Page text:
Optimize for Survival

Although we often glorify risk taking as a general principle, optimal outcomes are the result of pushing the limits only within a threshold of which you can survive. To assume a position completely void of optionality is to paint yourself into a corner and given enough time will result in catastrophic loss or death.

You Can’t Know

Try as we might, humans have thus far failed to prove an ability to predict the future. Sure we can make decent guesses in certain domains and that ability has increased in the age of data science, but to date even our best predictive models are akin to child’s play when you take a hard look backwards in time. If you don’t believe me, write down your local weather forecast for the next ten days, record the actual weather each day, and compare the two afterwards. We’ve been trying to predict the weather for the entirety of recorded human history and we can’t even get that right a lot of the time. 

As it turns out, the more rare the occurrence of an event, the worse we are at being able to predict it will happen. Interestingly it is these events which we are so terrible at predicting which often have the greatest impact (arguably because they were so unlikely we did nothing to prepare for them). For instance, a pedestrian getting hit by a bus is highly improbable and therefore difficult to predict, but when it happens the effects are life-altering. Similarly, predicting the occurrence of a global pandemic such as COVID-19 is all but impossible, however the unprecedented effect on economies, cultures, and families across the world will leave a scar felt for generations to come. 

What I find most interesting about these high-impact, improbable events, is a discovery best articulated in The Black Swan: The Impact of the Highly Improbable (Nassim Taleb): it is far easier to measure the expected impact of these events than to measure the likelihood that they will occur. We might not know if or a when a global pandemic will strike, but most of us probably could have made some pretty good guesses as to what the consequences of extended shelter-in-place orders would be on global supply chains, brick-and-mortar businesses, the video conferencing software company Zoom’s valuation, or our spring vacation plans. 

As economist John Maynard Keynes eloquently summarized the problem from a financial risk perspective, “Markets can remain irrational longer than you can remain solvent.” So what do you do to minimize your chances of getting knocked out of the game for good by the next Black Swan event?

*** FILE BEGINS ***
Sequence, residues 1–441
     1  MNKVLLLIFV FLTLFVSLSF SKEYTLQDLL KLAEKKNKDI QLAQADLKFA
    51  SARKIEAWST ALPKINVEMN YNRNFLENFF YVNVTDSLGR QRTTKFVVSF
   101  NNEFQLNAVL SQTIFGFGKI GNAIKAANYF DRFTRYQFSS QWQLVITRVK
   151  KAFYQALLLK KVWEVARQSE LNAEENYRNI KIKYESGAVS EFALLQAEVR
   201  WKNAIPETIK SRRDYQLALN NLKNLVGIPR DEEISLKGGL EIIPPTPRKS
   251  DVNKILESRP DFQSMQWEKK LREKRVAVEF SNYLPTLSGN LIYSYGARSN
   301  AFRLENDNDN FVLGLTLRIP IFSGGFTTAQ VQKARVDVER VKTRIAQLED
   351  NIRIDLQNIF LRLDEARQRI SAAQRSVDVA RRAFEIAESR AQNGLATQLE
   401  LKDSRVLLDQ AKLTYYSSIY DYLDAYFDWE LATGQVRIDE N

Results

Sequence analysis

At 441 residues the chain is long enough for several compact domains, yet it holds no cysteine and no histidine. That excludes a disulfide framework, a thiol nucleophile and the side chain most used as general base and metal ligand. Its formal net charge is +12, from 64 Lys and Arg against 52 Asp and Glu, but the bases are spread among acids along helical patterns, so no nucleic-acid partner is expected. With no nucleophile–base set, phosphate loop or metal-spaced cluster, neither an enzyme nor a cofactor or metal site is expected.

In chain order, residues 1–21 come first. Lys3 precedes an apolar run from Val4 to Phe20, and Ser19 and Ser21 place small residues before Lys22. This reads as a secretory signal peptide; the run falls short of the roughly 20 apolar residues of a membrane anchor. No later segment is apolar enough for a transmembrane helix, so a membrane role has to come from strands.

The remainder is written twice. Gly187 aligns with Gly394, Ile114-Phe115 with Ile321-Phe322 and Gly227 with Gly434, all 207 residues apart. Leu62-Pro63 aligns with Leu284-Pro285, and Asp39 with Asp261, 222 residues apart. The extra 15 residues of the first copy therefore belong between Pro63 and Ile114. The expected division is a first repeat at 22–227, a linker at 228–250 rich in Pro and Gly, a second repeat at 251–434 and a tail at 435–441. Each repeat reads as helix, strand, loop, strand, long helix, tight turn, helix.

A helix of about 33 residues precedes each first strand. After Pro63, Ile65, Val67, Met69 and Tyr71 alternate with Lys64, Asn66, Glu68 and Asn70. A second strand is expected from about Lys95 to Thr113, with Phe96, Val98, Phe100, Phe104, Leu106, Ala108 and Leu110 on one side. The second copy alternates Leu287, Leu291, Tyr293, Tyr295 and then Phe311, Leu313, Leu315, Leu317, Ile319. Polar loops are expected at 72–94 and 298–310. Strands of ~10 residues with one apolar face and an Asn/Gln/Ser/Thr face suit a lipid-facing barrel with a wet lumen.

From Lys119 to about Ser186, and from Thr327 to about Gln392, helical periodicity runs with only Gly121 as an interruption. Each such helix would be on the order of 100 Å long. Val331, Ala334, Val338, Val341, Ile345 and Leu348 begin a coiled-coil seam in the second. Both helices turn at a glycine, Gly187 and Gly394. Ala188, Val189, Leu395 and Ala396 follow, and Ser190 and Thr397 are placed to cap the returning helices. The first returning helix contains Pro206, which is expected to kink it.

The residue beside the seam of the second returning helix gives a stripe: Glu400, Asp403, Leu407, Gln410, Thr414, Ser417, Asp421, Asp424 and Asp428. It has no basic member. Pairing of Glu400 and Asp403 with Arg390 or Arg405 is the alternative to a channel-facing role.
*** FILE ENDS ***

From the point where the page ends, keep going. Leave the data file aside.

Plan for the Worst

Because it is impossible to know what the future holds, it is ideal to make decisions which position you for survival in the worst case scenarios. Hence the “calculation” in the concept of calculated risk. Taking risks is fundamental to how we grow, how businesses innovate, and how human society moves forward. But placing bets which you cannot afford to lose is foolish and will always yield absolute failure faced with the test of time. 

Practical examples of risks you can’t afford to take:

  • Borrowing money when your ability to repay the debt is fully dependent on events outside of your control without proper insurance in place (Fyre Fest)
  • Removing the lifeboats from a cruise ship to make room for an additional bar and retail shops in order to “maximize revenue”
  • Gambling $1,000 in Las Vegas when you only have $2,000 and your $1,600 rent is due next week before your next paycheck
  • Selling one of your kidneys to quit your job and travel the world for a year
  • Outsourcing the entirety of your business’s customer support function without a well-tested back up plan in place should your vendor go bankrupt overnight

Don’t be the next example of foolish risk. Analyze your life to understand where the exposure lies. Where are you most vulnerable? If the unthinkable happened - your partner died suddenly, your house burned down, you lost your job, or a natural disaster left you without power for weeks - would you be in a position where recovery was even possible? How would you rise from the ashes? What could you do today that would help you come on the other side even stronger than you started? Don’t stop at defining Plan B, think about Plans C, D, E, and on. Make decisions with a preference for that which stands the test of time. Or don’t. The world does need the occasional Fyre Fest to teach and entertain the rest of us...

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